In Testimony (Grand Central Publishing, 2017) Scott Turow leaves behind the familiar territory of Kindle County, the location of nine of his previous books, for the byzantine world of international diplomacy and the investigation of war crimes in Bosnia. In his early 50s, the protagonist William ten Boom is determined to make his life over. His marriage has ended, his children have launched, he’s resigned from his partnership in a solid law firm, and when he’s approached to join the International Criminal Court in The Hague, it seems to be the logical next step.
A member of the Romani, the European itinerant people we call Gypsies, has come forward and testified to the ICC that he witnessed the mass murder of an entire Roma community, 400 of his family and friends, at the height of the atrocities in Bosnia in late April 2004. A group of men dressed in Chetnik uniforms forced them all into transport vans and they were never seen again.
Ten Boom is hired to lead the investigation and to prepare to prosecute the perpetrators if they can be identified. In addition to the Serbian paramilitary, some of the rumors suggest that it was carried out at the behest of the mad President of Bosnia who plundered and terrorized the nation until he was driven into hiding. Some blame rogue members of the U.S. Army, who they say killed the Gypsies in revenge for their theft of military equipment. The Russian Mafia is mentioned. Yet other rumors said the entire community simply relocated. This suggestion is given little credence as no member of the community had been heard from in the more than 10 years since the incident.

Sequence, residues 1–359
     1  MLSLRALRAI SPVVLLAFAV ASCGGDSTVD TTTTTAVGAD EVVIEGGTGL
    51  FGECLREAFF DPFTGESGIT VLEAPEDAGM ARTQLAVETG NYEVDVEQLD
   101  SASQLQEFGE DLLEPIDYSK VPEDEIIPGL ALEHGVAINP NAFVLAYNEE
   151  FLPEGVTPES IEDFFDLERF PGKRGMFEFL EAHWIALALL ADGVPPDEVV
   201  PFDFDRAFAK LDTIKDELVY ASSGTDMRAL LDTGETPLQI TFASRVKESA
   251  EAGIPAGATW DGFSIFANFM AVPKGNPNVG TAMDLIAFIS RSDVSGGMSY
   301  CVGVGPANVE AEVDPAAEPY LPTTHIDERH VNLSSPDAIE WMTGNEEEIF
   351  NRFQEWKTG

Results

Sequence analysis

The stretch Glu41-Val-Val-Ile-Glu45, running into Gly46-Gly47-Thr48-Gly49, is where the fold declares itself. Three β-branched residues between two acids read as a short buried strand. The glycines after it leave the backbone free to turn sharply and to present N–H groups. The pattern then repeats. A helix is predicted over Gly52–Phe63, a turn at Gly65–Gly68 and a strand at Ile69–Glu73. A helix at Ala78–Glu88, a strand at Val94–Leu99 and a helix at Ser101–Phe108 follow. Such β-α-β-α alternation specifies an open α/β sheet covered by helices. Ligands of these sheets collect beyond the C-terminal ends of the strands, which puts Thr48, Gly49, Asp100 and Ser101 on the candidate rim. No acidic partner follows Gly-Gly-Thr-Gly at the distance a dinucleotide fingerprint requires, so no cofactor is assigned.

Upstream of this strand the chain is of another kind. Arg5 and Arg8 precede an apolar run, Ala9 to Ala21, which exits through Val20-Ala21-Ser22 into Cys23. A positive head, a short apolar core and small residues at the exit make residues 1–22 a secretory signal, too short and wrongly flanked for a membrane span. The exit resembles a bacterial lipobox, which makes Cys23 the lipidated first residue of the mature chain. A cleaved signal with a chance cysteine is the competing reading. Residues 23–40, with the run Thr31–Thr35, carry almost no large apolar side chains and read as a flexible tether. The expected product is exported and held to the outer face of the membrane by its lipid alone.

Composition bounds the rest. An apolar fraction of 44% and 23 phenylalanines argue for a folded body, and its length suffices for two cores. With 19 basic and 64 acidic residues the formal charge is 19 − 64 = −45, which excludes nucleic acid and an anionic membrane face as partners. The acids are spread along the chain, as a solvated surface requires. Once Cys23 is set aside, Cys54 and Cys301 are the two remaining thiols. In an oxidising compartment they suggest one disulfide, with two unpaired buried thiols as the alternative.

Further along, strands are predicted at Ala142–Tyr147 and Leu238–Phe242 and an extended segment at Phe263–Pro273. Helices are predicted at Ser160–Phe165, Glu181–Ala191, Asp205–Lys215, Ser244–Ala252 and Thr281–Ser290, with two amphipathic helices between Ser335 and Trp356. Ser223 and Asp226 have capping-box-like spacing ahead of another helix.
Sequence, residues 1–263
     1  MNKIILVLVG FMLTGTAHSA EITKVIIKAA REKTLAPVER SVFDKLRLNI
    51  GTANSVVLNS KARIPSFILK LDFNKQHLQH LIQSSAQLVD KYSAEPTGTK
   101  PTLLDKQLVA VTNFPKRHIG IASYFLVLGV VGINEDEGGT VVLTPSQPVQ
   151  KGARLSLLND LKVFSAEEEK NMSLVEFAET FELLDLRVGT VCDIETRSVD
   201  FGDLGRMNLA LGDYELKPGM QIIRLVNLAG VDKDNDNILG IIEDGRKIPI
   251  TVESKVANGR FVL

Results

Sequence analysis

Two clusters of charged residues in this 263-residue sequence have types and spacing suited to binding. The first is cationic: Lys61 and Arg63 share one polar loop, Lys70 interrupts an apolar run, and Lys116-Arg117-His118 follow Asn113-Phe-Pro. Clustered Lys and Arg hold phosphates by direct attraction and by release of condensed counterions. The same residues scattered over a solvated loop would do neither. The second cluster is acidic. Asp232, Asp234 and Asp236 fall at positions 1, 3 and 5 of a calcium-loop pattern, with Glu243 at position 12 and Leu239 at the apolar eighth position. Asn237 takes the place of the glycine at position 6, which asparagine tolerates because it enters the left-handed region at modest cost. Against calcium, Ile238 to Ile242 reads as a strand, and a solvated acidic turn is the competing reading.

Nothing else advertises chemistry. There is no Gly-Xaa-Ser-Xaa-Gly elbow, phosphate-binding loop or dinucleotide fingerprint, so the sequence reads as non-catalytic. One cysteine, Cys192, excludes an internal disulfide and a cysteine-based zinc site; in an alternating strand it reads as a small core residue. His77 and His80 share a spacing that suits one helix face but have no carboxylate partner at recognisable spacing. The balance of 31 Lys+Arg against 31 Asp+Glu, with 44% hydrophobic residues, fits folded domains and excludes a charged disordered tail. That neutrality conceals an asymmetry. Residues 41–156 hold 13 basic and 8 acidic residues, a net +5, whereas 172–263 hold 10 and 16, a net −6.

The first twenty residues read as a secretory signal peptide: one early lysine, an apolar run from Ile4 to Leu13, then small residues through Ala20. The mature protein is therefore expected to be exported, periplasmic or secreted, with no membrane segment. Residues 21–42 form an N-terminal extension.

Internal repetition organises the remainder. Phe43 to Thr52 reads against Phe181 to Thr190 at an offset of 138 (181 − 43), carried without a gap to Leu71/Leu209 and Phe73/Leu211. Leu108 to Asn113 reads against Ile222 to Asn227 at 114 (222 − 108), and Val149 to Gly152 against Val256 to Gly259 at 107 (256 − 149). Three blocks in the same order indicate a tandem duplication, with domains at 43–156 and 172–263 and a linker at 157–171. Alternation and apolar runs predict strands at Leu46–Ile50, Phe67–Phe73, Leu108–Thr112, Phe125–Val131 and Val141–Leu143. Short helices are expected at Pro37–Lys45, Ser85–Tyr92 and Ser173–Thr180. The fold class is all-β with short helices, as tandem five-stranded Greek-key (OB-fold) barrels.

Ten Boom is immediately plunged into a medley of cultures and the nuanced pace of global diplomacy in The Hague. His lead investigator is a heavy drinking Australian who turns out to have a doctorate in forensic anthropology. He is intrigued by the lawyer representing the lone survivor of the massacre and his relationship with her is a major thread of the story in addition to the investigation. Another thread is ten Boom’s discovery of relatives in the Netherlands.
When I need a reliably engaging read, Scott Turow is on the short list of authors I look for. I was surprised to see the subject of this book but found it interesting. It is unusually long however, nearly 500 pages, much of it due to ten Boom’s interior monologues, which are perceptive but not what I expect in a legal thriller. The ending, which has a nice twist, suggests we might see more of ten Boom in the future.
· Hardcover: 496 pages
· Publisher: Grand Central Publishing; 1st edition (May 16, 2017)
· Language: English
· ISBN-10: 1455553549
· ISBN-13: 978-1455553549
Aubrey Hamilton ©2018
Aubrey Hamilton is a former librarian who works on Federal IT projects by day and reads mysteries at night.